Page 110 of the DMG lists a DC 5 Constitution saving throw for "Extreme Heat" (temperatures of 100 degrees Fahrenheit or more). However, it doesn't make sense to me that it would remain the same as the temperature increases.

How do I fairly determine a DC for "Extreme Extreme Heat"?


3 Answers 3


As a DM, you have the authority to set DCs and other things and the game was designed expecting you to use this responsibility:

Many unexpected things can happen in a D&D campaign, and no set of rules could reasonably account for every contingency. […] The direction we chose for the current edition was to lay a foundation of rules that a DM could build on, and we embraced the DM’s role as the bridge between the things the rules address and the things they don’t.

Since the granularity of weather extremes is obviously not important enough to the default game for it to bother with the complexity in the core rules, if you feel like it should be more granular, you should make it so. If you've got a sense that DC 5 once an hour is insufficient, that is the same sense you need to use to adjust it.

That said, since you're talking about extreme heat, not just extremely hot weather (the world hot weather record is "only" 134 °F), you may want to consider your room more like an oven that does direct damage every round or every few rounds, possibly with a saving throw, since 200 °F is literally an oven. A cool oven, but still an oven.

Post scriptum: You — or other readers — may be tempted to get engineer-y about the precise temperature — and if you and all your group enjoy that kind of realistic detail simulation, go for it. But if you're not, I advise not trying to calculate too carefully the precise effects of particular high temperatures, since the reality of heat management is quite complicated — and besides, D&D campaigns are more often in a genre were fighting on the lip of a pit of bubbling lava is non-lethal, making comparisons to real-world temperatures somewhat beside the point. Go with something fun and plausible that suits the amount of on-screen time this room will have, unless you're all into the details of thermal physics.

  • 5
    \$\begingroup\$ In light of the (two!) bursts of simulation-y comments, I've added a postscript that I think should address all these concerns. \$\endgroup\$ Commented Feb 17, 2015 at 20:42
  • 2
    \$\begingroup\$ Note: Just because the world record temperature is 134, the temperature still goes above that value frequently. "Air temperature is measured in a shaded enclosure (most often a Stevenson Screen) at a height of approximately 1.2 m above the ground" 200 F isn't that far off something you could encounter whilst standing in the sun \$\endgroup\$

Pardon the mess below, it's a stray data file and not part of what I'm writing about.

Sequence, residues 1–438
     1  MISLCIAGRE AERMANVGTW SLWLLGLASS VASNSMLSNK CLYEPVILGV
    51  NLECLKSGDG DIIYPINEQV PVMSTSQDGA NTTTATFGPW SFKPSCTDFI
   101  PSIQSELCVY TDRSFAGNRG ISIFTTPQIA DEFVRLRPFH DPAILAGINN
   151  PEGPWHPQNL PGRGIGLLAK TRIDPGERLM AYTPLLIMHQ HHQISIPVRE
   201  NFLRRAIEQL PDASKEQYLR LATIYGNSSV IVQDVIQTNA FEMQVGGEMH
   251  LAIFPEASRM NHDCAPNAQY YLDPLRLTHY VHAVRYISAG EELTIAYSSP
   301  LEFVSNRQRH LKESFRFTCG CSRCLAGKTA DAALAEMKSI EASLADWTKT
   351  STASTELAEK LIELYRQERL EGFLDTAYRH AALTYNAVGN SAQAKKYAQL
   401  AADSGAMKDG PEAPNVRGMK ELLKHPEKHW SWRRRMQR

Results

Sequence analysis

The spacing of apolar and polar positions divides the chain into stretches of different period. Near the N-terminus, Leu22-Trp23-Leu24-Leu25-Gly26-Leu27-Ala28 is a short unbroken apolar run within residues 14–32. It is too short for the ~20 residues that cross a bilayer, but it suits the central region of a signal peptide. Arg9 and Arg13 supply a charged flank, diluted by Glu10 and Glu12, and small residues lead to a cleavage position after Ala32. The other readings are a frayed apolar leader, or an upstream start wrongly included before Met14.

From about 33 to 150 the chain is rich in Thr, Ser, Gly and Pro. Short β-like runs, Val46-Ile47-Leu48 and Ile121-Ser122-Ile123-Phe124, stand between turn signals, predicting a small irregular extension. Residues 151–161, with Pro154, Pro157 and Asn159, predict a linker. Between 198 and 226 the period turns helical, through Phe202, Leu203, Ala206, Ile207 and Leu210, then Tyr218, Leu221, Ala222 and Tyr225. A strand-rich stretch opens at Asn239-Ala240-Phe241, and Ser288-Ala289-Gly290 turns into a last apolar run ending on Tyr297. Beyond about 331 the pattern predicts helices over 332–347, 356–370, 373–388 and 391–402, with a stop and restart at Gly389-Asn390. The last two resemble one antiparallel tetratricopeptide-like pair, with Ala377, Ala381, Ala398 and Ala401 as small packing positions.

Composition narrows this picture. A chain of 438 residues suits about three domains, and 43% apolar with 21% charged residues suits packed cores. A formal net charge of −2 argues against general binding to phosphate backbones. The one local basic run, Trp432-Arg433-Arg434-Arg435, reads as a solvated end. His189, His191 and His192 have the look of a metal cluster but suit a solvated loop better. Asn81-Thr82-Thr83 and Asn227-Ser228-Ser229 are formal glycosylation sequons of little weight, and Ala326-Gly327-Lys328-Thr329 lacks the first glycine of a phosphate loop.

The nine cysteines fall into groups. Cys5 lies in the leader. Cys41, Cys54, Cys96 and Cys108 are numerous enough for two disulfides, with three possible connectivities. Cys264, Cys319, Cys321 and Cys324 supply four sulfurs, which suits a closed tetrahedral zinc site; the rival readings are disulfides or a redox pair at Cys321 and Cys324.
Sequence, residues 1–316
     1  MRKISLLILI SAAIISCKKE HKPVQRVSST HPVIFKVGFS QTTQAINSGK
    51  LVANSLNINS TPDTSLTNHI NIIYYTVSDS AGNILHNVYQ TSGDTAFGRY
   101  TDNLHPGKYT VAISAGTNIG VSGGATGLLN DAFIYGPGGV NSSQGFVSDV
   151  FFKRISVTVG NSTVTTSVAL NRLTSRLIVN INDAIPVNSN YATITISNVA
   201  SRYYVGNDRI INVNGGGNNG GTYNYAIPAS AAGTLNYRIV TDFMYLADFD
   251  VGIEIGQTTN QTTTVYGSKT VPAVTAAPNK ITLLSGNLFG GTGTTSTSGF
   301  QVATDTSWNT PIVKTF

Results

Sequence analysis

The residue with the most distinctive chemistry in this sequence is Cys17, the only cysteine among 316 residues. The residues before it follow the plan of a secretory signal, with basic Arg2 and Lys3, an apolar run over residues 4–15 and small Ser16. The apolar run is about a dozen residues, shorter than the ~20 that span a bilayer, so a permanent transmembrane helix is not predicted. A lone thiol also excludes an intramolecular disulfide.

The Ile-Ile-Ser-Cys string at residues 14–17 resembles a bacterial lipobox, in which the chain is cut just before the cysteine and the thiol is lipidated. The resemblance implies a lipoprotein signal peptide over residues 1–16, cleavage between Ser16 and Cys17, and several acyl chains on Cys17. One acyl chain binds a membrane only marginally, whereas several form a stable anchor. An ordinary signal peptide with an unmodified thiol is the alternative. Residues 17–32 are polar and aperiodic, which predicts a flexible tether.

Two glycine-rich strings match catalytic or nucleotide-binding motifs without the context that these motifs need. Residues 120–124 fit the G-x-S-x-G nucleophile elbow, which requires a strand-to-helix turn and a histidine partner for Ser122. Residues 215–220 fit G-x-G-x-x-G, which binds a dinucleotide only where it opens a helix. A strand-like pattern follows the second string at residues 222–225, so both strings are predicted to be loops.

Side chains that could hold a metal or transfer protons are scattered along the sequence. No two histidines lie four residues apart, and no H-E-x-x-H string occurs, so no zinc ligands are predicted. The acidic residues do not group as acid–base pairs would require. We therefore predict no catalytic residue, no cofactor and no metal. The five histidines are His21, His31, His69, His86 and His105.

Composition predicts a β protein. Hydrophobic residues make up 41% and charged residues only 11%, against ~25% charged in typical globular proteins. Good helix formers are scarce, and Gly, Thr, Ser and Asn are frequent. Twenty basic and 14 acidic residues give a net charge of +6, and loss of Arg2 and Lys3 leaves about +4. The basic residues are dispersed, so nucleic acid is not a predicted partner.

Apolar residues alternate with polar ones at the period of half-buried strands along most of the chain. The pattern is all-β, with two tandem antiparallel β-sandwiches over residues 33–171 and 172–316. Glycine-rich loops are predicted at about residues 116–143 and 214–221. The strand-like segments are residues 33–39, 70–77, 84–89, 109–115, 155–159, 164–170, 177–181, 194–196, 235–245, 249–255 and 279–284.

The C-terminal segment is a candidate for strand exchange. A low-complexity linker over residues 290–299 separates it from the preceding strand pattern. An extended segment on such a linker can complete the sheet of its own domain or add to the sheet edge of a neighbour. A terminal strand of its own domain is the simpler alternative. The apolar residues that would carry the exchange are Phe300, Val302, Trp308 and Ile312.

– Scott
    Commented Feb 18, 2015 at 3:43

I believe your best option would be to model the effects of the room off of one of the Heat Metal Spells from one of the older editions of Dungeons and Dragons.

The way the spells are engineered, the longer your victims remain in the room, the more pentalties, and eventually damage they suffer.

Perhaps an increasing DC Constitution saving throw against the damage until they leave the hot room.

  • \$\begingroup\$ +1 for "here's a spell that does something like what you're looking for" \$\endgroup\$ Commented May 25, 2019 at 17:40

You are expected to make a judgment call. You can easily gauge and declare a hotter zone has a higher DC, using the usual chart of target numbers, but also realizing that if characters are required to make several rolls over time, that even low DCs will rack up failures.

Now if you want to throw a little more consideration into it, you can start looking up stuff on exertional heat stroke. This report on fatal heat stroke in sports has one case of fatal heat stroke in the 70 degree range with high humidity though most it lists are in the 80s to the 100s range. So, at least as far as the D&D5E rules are concerned, they're being pretty generous in making it a DC5 roll.

An interesting thing to look into would be sauna related injuries or deaths, for example this article points out in a sauna competition, the winner stayed in for 16 minutes over 230 degrees. Mind you, in a sauna you're naked or near naked, and not doing anything - far from running and fighting and the usual adventurer stuff.

A few years back a few people died in a new age sweatlodge retreat where the temperatures were at 120 degrees, though the lack of ventilation, number of people, and the fact they had been in it for 2 hours straight also contributed significantly.

D&D is not particularly great at specific simulation, and the reality is that our current science points to massive variances based on age, fitness, humidity and many factors we're not exactly sure on to totally model heat exhaustion/death. That is, you'll find a lot that once the internal temperature goes above a certain amount, we have significant problems, but how fast we reach that point compared to the outside temperature is extremely variable.

So, even with science, it's going to be an arbitrary judgement.


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